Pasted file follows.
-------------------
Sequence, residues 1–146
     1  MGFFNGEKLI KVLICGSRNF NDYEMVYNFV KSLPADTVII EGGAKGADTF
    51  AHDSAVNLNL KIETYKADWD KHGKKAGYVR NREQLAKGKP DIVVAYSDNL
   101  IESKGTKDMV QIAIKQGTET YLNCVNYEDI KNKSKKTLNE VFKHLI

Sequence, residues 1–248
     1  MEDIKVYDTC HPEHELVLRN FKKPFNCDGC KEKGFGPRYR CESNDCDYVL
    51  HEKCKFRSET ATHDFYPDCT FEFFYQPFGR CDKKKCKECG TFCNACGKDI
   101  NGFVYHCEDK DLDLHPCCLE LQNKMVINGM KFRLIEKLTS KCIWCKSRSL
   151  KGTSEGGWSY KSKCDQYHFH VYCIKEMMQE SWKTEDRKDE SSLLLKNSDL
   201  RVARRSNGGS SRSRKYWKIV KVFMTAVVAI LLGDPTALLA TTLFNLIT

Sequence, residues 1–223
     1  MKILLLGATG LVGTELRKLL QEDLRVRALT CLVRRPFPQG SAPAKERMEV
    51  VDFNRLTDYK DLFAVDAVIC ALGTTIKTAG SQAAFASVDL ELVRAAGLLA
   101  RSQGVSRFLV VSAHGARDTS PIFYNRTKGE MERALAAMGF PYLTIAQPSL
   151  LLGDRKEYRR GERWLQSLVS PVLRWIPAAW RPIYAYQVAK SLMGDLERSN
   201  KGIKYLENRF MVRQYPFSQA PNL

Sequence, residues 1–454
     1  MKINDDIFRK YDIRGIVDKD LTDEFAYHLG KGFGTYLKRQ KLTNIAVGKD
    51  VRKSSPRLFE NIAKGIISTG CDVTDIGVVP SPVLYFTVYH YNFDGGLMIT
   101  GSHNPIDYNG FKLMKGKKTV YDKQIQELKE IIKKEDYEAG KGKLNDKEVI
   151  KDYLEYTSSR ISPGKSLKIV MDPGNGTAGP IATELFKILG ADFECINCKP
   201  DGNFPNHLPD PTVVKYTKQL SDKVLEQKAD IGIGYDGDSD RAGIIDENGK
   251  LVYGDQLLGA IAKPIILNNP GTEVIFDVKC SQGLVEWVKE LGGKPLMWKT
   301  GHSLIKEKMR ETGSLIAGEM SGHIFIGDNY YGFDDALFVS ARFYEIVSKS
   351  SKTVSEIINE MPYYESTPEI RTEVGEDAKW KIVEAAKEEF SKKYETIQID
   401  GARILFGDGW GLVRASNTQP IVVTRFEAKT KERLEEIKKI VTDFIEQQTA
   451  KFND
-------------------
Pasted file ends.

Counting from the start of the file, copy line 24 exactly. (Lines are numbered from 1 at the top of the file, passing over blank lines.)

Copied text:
   301  GHSLIKEKMR ETGSLIAGEM SGHIFIGDNY YGFDDALFVS ARFYEIVSKS